Author Bryan Caron

Write and Author is interviewing Bryan Caron, author of The Spirit of...

Bryan Caron is an award-winning writer, director, film editor and graphic designer, who has written and directed many pieces in all forms and genres. His favorite genres include science-fiction and fantasy, however he never limits himself, writing in whatever genre that strikes him at any given time. His interest in film directing and editing gives him an extra creative outlet, as does his graphic design work (which you can see on all covers and marketing materials of his work, all courtesy of Phoenix Moirai), but his first love will always be writing and that is where he excels.

  Bryan Caron



Can you tell us a little more about what your company does?
Phoenix Moirai (pronounced Fee-Nicks Moy-Ray) is the creative genius for all of your graphic design, writing and videography needs. This also includes illustration, web design, editing (both print and video) and motion graphics. A short list of what we have done in the past include: logos, business cards, flyers (and other marketing materials), ads, book covers, movie posters, book layouts and conversions, website creation, writing blog posts, press releases and articles, filming and editing live performances, promotional videos, commercials, and films. You can visit www.phoenixmoirai.com for a more extensive list, but basically, if you need anything designed, written, filmed, illustrated, printed or edited, Phoenix Moirai is your one-stop creative outlet.
 
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What made you decide to start Phoenix Moirai?
I have a Bachelor’s degree in Creative Writing, an Associate’s degree in Computer Graphic Design and over eight years of experience in film. I had been working for a company for almost nine years designing guidebooks for military installations, and in 2013, they opened a position for Creative Director. Having worked my way up from a digital pre-press analyst to Senior Graphic Designer, and being the only employee who could design and build every aspect of the guidebooks (including maps and ad pages), I was at the top of the short list for the promotion. They eventually hired someone from outside of the company, so that, coupled with the fact that my artistic growth had grown stale, I decided it was time to leave and start something new. Combining all of my talents together under one umbrella, that something was Phoenix Moirai, or “My New Destiny.”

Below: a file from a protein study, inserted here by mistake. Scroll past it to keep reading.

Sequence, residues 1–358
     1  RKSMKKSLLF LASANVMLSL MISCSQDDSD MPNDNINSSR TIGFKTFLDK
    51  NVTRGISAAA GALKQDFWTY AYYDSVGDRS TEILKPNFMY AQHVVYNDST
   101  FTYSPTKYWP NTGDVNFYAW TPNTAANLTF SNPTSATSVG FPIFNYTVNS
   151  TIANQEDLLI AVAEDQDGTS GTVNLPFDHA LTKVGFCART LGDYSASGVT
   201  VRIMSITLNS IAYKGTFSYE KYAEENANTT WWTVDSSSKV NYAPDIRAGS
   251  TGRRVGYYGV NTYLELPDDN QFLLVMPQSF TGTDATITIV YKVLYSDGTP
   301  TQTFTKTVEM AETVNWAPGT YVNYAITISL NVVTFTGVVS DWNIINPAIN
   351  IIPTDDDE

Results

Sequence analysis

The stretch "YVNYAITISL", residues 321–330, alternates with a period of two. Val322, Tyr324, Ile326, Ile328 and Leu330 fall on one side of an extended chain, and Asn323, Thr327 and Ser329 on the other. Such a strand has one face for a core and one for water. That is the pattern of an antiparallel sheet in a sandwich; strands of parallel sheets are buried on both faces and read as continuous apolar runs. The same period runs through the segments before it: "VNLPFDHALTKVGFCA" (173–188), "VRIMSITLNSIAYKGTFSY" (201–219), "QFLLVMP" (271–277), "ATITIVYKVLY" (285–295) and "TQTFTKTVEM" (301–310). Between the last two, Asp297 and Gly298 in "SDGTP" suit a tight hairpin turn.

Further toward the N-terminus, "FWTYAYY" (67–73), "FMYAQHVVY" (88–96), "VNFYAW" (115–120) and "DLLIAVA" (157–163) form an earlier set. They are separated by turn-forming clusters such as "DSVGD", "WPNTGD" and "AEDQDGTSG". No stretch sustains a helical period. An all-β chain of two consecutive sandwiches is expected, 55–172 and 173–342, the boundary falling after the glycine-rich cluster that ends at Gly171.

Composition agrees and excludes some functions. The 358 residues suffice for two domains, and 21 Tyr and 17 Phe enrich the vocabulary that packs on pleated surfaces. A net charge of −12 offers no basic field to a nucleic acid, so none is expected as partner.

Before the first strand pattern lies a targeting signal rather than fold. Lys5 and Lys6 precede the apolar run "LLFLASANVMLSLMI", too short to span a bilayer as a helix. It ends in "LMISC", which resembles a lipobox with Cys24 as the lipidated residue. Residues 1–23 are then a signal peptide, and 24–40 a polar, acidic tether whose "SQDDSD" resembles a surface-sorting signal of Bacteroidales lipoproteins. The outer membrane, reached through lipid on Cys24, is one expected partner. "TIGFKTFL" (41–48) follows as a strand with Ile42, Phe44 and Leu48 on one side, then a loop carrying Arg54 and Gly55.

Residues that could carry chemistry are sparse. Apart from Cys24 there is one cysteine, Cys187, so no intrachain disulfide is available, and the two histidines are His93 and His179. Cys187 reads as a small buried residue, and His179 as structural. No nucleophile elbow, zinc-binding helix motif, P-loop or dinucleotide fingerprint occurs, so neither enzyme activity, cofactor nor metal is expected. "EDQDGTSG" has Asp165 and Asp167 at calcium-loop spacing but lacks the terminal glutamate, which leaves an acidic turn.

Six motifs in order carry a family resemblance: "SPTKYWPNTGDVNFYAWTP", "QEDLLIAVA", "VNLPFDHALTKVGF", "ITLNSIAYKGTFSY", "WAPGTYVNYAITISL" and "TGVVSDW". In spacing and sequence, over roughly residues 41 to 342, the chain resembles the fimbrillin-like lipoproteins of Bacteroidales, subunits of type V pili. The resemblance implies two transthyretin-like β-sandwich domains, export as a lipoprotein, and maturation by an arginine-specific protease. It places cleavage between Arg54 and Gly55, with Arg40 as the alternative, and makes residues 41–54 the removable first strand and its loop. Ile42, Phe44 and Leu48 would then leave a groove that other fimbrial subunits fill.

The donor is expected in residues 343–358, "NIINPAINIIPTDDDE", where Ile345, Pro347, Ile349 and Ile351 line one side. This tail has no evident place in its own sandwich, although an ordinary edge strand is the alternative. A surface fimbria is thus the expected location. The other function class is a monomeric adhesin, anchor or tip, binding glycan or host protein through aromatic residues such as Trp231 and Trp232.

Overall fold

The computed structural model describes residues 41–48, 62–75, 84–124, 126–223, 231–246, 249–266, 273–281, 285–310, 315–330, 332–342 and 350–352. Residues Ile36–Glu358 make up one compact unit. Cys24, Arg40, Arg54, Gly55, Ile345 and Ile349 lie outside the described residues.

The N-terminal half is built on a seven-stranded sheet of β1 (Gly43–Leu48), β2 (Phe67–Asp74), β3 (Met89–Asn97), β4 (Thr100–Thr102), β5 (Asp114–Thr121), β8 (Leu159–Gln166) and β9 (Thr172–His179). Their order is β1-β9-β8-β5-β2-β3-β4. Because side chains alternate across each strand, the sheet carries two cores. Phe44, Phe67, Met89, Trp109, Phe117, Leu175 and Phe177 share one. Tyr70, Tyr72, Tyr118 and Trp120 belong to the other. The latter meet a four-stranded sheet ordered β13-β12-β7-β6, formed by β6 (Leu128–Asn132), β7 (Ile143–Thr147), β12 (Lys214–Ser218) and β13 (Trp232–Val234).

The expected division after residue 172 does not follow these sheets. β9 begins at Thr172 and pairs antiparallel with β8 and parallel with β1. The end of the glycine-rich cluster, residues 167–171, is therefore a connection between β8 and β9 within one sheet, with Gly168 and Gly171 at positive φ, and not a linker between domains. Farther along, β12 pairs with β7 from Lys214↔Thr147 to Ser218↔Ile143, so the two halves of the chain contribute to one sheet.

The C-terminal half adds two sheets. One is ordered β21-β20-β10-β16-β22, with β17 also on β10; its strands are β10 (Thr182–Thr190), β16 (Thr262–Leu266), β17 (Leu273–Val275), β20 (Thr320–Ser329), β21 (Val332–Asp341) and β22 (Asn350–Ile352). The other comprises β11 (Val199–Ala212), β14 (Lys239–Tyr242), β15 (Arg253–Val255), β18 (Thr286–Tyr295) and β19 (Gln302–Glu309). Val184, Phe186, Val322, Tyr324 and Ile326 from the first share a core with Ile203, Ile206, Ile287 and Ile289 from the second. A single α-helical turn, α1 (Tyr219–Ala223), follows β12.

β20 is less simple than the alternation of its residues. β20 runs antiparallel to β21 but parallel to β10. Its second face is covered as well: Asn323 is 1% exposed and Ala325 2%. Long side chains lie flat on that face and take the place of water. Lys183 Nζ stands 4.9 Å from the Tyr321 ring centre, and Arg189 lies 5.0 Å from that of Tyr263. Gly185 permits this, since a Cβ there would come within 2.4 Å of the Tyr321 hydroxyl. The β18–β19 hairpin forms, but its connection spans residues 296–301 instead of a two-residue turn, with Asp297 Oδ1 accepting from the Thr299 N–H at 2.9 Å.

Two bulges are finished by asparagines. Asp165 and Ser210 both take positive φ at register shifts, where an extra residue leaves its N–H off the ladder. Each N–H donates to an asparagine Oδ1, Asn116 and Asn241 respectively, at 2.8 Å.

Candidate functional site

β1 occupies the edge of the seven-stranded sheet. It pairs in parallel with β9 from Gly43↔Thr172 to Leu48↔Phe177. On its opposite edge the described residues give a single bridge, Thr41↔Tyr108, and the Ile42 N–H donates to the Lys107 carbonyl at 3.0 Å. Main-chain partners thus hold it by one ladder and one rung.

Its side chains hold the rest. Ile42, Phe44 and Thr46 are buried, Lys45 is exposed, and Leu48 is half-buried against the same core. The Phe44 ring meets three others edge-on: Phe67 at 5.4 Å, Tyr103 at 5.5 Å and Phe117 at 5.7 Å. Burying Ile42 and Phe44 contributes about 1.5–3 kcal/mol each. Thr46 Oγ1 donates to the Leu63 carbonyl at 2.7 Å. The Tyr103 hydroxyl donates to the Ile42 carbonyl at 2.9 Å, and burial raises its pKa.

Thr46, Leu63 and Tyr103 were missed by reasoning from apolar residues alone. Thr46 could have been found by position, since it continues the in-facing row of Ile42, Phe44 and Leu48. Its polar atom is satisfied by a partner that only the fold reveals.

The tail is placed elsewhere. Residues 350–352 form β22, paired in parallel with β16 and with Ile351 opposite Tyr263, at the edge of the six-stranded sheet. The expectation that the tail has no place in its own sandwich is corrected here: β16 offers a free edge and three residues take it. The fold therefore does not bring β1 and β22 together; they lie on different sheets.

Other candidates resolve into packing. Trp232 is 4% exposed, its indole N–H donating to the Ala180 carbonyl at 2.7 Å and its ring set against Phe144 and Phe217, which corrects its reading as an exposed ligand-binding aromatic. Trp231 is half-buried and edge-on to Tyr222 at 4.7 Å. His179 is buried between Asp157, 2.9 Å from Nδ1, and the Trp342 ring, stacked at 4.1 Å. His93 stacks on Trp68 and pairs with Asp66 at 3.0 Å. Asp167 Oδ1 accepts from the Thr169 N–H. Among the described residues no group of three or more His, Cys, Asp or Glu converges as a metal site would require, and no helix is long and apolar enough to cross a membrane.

What is the most important thing you have learned while running your company?
How hard it is to run a successful company. Having very little funds and very little experience in networking, I basically jumped into the deep end without any floaties. But over the last three years, I’ve gained a lot of experience in networking, customer relations and bookkeeping that I wouldn’t have learned otherwise.
 
What does your writing journey look like?
Slow and meek. But that may be a good thing, as I can learn at my own pace and fail in relative secret. I’ve learned a lot from when I first started seeking publishers and agents, making sure to slow down and do my due diligence before accepting whatever offers or going down whatever road I chose to explore. My novel, Jaxxa Rakala: The Search was started as my college thesis, and once finished, I was so excited to have a publisher pick it up, only to find out after signing the contract that the whole thing was basically a scam. I bit the bullet and allowed the contract to expire, and once it did, independent publishing was on the rise. Being able to control my work gave me much more freedom. In between all of that, I spent a lot of time writing, directing and producing films, one of which won best screenplay in 2009. But ever since 2012, when my last feature film was released, I’ve turned my focus back to novels and have since published five books in the last four years. That’s my journey in a nutshell.
 
Why do you write?
I write because it allows me to create and escape. I’ve always loved reading, watching television and going to movies, so to be able to create stories and put my ideas out into the world to inspire others is inspiring in itself. Writing also allows me to escape the real world and live my dreams. I’ve always been an introvert and have never had a whole lot of friends, so writing, drawing, creating has always been my companion when I felt alone, was being bullied or needed to release my anger or fears or happiness.
 
Have you ever stopped writing or creating and how did you motivate yourself to get back into it?